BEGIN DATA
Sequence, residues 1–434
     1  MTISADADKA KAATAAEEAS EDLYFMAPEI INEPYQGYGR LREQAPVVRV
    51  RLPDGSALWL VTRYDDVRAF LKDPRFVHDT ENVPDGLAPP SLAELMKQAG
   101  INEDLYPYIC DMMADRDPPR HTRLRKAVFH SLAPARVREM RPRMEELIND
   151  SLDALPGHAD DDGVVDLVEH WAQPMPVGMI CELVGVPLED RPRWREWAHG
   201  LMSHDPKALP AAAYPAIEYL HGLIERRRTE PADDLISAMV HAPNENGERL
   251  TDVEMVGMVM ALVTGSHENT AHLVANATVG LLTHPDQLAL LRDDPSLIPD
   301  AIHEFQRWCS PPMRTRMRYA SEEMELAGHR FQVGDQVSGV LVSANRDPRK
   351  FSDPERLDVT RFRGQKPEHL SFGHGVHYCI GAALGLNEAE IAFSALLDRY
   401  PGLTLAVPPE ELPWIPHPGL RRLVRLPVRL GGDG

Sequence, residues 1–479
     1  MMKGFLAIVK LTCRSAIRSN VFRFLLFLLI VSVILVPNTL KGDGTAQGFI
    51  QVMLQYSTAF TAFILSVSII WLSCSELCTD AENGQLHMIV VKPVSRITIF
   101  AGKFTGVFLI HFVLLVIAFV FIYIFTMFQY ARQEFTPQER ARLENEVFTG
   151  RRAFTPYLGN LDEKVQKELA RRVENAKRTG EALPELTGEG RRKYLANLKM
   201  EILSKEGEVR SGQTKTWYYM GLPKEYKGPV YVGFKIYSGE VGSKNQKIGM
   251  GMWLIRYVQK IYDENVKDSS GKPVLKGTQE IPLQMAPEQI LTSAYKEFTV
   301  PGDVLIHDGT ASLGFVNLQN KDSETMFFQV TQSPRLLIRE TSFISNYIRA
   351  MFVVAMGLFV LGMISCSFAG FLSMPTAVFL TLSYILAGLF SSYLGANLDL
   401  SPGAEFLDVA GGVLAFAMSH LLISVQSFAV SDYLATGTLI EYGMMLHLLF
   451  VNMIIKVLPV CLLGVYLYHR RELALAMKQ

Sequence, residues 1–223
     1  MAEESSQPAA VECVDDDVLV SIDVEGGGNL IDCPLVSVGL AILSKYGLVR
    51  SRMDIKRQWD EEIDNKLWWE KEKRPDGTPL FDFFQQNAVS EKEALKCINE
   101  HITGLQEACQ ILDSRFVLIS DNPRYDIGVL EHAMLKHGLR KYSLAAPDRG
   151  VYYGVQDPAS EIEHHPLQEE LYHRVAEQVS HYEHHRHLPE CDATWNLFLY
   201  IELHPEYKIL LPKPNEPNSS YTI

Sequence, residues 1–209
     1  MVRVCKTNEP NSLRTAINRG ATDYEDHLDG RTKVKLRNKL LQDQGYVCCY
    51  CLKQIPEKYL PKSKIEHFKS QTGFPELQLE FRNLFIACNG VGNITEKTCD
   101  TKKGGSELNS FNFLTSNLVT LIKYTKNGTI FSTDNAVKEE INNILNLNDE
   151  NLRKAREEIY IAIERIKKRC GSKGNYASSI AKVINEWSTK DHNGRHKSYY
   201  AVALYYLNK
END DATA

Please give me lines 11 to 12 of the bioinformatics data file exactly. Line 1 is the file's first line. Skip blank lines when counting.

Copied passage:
Sequence, residues 1–479
     1  MMKGFLAIVK LTCRSAIRSN VFRFLLFLLI VSVILVPNTL KGDGTAQGFI